Postgraduate Law Diplomas and Certificates: An LL.M. Alternative?

More law schools are offering shorter and focused qualifications for working lawyers

For many lawyers, taking a year out for an LL.M. can be a career boost in a number of ways. Many other lawyers, however, might not have the time, money, or need for such a deep academic experience.

Shorter postgraduate law certificates and diploma programs are meeting a growing demand for more flexible and focused legal education. These programs tend to deliver less than an LL.M. in terms of broad curriculum, prestigious title, networking avenues, or research experience, but many working lawyers don’t need these anyway.

There are different types of postgraduate law diploma and certificate programs. Several UK law schools offer a Graduate Diploma in Law (GDL), which is primarily for non-law graduates as a first step toward transitioning into the legal profession. Similarly in Hong Kong, a Postgraduate Certificate in Laws (PCLL) is required to continue training as a barrister or solicitor in Hong Kong.

But the focus of this article is on specialized certificate and diploma programs that offer lawyers (and sometimes non-lawyers) a deeper view into specific areas of law. At the moment, these programs are most commonly found in Britain, Australia, South Africa, New Zealand, and Ireland.

Examples include Oxford’s Postgraduate Diploma in Intellectual Property and Practice, the National University of Singapore’s Graduate Diploma in Maritime Law & Arbitration, and Queen Mary, University of London’s (QMUL) Postgraduate Diploma in International Dispute Resolution with concentrations in mediation or arbitration.

QMUL’s program primarily attracts experienced lawyers who are already working at law firms in London, which makes the school’s diploma program distinct from its LL.M.

“The LL.M. is primarily sought after by students not yet employed,” says QMUL law professor Stavros Brekoulakis. “They want to improve their employability.”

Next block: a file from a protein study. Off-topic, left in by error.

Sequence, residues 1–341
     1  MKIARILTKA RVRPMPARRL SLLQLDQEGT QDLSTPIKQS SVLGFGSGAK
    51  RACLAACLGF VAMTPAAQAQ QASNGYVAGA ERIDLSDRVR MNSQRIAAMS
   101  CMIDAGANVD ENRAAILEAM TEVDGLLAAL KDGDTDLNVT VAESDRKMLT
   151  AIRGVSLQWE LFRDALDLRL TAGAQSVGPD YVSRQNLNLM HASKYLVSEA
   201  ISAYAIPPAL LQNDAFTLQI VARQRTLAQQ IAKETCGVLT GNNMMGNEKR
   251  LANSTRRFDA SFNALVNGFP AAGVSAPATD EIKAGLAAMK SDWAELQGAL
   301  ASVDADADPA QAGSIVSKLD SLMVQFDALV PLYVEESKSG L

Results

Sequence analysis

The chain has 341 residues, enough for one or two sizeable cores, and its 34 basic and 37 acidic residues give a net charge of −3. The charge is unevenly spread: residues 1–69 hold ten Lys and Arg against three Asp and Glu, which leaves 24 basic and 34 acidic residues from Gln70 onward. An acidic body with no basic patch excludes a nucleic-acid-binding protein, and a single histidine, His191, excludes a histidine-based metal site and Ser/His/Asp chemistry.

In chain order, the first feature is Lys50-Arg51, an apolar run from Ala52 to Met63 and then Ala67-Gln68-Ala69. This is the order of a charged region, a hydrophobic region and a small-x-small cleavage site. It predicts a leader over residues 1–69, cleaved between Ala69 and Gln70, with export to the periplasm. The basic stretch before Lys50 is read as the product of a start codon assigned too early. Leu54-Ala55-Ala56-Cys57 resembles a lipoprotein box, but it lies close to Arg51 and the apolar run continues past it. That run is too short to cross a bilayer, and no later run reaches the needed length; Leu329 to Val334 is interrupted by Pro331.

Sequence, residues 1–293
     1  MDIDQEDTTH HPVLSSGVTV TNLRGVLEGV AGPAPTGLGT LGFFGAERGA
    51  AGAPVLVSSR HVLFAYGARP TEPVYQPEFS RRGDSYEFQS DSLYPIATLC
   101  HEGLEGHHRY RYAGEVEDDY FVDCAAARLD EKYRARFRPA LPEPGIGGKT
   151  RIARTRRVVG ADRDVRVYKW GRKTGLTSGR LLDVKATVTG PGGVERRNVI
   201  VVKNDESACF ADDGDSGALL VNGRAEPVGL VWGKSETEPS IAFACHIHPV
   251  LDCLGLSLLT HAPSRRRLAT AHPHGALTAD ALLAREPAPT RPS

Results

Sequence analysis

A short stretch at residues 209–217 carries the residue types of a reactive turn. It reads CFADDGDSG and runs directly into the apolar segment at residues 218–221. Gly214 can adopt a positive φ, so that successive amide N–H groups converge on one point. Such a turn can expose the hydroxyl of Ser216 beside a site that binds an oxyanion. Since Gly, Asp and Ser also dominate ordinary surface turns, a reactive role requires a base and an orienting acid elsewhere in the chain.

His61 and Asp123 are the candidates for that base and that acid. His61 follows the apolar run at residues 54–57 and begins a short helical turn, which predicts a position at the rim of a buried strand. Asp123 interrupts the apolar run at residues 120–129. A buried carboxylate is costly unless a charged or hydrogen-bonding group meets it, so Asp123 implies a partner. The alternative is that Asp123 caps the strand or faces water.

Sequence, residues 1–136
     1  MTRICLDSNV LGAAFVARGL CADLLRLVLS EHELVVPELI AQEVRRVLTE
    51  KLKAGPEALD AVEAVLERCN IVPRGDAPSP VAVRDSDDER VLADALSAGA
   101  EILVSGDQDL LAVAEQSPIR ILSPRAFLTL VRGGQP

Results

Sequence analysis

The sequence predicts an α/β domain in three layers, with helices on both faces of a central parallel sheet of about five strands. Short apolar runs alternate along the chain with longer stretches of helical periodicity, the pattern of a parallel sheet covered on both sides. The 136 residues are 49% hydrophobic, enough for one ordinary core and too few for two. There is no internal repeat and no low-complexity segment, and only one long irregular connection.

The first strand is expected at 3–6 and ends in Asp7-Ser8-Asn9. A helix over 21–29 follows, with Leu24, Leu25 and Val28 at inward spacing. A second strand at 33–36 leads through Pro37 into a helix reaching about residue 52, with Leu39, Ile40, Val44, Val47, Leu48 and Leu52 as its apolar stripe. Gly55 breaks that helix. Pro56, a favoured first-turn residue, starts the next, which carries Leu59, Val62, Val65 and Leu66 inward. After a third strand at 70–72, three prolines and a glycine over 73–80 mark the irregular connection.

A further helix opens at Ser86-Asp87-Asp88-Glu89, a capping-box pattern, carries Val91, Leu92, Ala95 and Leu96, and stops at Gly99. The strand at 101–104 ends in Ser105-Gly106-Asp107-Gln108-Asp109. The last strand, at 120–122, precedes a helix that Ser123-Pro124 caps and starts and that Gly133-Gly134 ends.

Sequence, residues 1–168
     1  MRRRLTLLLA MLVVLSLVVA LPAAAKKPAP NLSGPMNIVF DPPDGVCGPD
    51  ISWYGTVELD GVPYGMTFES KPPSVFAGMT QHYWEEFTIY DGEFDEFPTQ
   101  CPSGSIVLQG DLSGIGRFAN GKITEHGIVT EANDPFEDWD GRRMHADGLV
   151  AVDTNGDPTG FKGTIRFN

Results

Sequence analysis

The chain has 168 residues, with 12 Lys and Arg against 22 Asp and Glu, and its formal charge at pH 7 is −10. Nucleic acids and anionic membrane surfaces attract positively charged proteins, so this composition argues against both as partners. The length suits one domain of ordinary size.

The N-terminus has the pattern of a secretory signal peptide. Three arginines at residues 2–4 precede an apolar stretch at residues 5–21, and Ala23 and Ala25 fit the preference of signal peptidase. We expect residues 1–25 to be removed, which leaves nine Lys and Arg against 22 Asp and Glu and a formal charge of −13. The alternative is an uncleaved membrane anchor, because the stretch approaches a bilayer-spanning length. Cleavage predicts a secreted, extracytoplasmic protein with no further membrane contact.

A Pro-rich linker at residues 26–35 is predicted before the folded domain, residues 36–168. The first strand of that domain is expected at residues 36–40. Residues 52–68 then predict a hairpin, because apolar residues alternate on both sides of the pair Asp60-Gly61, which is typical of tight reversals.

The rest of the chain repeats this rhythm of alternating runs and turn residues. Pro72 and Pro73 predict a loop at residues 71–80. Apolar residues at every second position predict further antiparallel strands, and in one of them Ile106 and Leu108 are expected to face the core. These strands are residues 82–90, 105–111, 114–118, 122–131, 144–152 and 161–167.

“The postgraduate diplomas, on the other hand, are for people already employed by a law firm who want to develop a specialization, move to a different department, acquire a theoretical background, or advance their progress within a law firm,” says Brekoulakis.

Along with the International Dispute Resolution program, QMUL offers over a dozen other specialized diploma programs that require students to take two modules and write a dissertation over two years, rather than the four modules plus dissertation needed for the school’s LL.M. program.

A similar practice of offering a wide range of specialized diplomas is common in Australia. Some of the largest law schools in Australia – including University of Sydney, University of Melbourne, Australia National University, and the University of Western Australia – offer many of their LL.M. specializations also as shorter "graduate diplomas."

Rónán Kennedy, who teaches on both the LL.M. and postgraduate programs at the National University of Ireland (NUI), Galway, says that the tough marketplace for legal jobs may have something to do with rising demand for certificate and diploma programs.

“Jobs are so much more difficult to find, that people are going to be keen to hold on to what they have, but also move into new areas of practice," says Kennedy.

NUI Galway offers postgraduate certificates in Information Technology Law, Intellectual Property Law, and E-Commerce Law, as well as both a diploma and certificate option in Commercial Regulation and Compliance. The programs mostly draw local working lawyers from around Galway.

"People are starting to move out of areas they might have worked in for ten or fifteen years,” he adds. “Things like intellectual property and IT-related areas like data protection are becoming much more lively. People are looking to re-skill, and move into different areas."

It is unclear how the market for shorter, flexible law programs will develop over the coming years, or if they will spread more internationally to North America and continental Europe. It’s not unimaginable if one considers the development of business education globally.

Hundreds of business schools now offer open-enrollment courses for jet-set managers and executives. And while some law schools may not go exactly that route, many seem to be responding to a growing need for flexible education options for working lawyers.